Greg Barber of the Ector County District Attorney’s Office, left, and James Harry Reyos exit the courtroom of Ector County District Court Judge Denn Whalen Friday after the judge heard more than four hours of evidence Reyos was wrongfully convicted of murder in 1983. (Kim Smith|Odessa American)

Legally, there are a few other things that need to happen, Reyos’ attorney, Allison Clayton said.

The Ector County District Attorney’s Office needs to file a motion to dismiss the indictment against him stating his innocence and within 10 days of that filing, a hearing on the matter will have to be scheduled, Clayton said. Whalen will then have to sign an order dismissing it.

Since prosecutors and the judge have already made their opinions known, that won’t be an issue, she said.

Once that order is signed, the law requires the state to pay Reyos a lump sum of roughly $2.2 million and $80,000 a year for the rest of his life, Clayton said.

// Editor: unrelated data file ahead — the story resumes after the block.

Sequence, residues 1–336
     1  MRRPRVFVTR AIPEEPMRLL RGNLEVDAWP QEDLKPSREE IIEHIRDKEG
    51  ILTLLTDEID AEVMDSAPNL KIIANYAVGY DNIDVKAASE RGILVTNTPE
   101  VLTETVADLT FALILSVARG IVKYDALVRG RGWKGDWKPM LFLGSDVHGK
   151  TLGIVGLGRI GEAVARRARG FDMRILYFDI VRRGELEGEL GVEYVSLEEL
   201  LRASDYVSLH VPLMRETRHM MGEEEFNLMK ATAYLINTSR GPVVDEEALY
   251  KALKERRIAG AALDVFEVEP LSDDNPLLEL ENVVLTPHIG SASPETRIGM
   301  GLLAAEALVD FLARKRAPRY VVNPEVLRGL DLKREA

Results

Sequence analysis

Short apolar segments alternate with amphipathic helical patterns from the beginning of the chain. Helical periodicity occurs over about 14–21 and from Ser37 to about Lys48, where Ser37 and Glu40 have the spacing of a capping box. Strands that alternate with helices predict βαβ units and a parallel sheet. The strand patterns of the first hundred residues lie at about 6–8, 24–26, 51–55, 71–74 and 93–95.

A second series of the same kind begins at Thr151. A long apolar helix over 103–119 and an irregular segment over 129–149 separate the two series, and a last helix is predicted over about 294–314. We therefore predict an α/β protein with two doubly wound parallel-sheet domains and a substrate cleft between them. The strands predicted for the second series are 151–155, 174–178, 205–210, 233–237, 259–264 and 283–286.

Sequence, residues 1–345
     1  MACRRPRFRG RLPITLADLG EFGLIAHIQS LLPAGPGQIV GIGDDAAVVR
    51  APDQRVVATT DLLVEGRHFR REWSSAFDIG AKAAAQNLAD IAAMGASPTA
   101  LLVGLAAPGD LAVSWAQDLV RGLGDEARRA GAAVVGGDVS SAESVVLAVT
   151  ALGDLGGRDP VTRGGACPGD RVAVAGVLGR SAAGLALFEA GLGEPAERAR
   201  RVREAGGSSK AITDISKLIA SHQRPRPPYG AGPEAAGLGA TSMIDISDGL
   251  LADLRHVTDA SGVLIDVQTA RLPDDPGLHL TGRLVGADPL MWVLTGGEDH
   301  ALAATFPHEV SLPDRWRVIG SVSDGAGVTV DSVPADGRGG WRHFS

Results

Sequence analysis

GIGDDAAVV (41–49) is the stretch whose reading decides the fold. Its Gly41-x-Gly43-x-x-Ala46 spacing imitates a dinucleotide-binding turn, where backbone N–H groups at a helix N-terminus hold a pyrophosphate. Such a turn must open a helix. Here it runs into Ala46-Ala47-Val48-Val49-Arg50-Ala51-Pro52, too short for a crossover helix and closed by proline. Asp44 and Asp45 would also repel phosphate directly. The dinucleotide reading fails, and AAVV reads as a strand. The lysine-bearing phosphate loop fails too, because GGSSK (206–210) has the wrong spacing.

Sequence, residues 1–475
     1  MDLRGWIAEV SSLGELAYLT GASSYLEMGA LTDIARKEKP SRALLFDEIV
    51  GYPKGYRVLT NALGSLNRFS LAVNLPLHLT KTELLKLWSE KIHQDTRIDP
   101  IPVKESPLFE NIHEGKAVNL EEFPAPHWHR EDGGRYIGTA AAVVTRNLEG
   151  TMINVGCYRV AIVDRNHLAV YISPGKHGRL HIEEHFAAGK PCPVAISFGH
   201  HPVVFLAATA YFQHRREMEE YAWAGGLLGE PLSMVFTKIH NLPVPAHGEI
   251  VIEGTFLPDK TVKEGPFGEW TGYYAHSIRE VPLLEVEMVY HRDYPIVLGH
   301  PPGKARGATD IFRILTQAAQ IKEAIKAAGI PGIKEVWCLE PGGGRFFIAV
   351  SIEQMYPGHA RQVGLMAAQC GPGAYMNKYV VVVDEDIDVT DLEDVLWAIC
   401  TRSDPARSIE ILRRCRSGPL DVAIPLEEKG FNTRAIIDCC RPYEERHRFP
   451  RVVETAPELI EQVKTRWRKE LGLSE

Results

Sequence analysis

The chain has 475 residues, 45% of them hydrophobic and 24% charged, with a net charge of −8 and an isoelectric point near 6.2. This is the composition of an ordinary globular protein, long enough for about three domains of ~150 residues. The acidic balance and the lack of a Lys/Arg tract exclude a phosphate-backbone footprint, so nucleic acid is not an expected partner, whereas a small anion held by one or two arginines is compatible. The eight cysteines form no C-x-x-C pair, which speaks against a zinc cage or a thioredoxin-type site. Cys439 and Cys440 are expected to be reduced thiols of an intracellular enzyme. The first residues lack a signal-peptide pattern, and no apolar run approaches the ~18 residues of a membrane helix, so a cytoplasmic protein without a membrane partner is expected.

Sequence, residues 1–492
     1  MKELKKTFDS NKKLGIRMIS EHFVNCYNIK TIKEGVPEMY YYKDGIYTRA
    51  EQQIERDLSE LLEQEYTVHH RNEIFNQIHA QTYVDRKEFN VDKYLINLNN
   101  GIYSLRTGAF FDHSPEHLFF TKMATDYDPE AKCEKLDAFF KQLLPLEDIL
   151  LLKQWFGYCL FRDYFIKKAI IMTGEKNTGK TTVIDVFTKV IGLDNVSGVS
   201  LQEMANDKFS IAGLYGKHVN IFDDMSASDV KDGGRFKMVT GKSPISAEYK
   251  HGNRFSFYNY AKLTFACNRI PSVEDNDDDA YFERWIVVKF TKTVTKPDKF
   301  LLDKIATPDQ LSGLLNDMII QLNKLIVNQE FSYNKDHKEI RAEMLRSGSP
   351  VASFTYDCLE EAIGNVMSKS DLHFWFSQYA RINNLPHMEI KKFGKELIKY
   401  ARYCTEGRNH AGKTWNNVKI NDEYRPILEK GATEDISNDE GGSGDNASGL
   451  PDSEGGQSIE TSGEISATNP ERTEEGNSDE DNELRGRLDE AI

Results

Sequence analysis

Reyos said he plans to celebrate the court’s decision with a nice steak dinner.

As for the money?

“That was never tantamount for me, this has always been about getting justice. But, I plan to use the money to help others who are in the same boat I was, sent to prison after being wrongfully convicted,” Reyos said.

He intends to donate funds to the Innocence Project of Texas and the Innocence Project in his home state of New Mexico.

Following Whalen’s decision in August, Clayton said the high court could take years to render its decision.

“I was shocked, absolutely shocked,” when it came out so quickly, Clayton said.

While she’d like to think they made the decision because it was a “slam dunk,” she’s also realistic enough to know that all of the publicity about the case could have played an important role, too, Clayton said.

“Judges are politicians,” she said.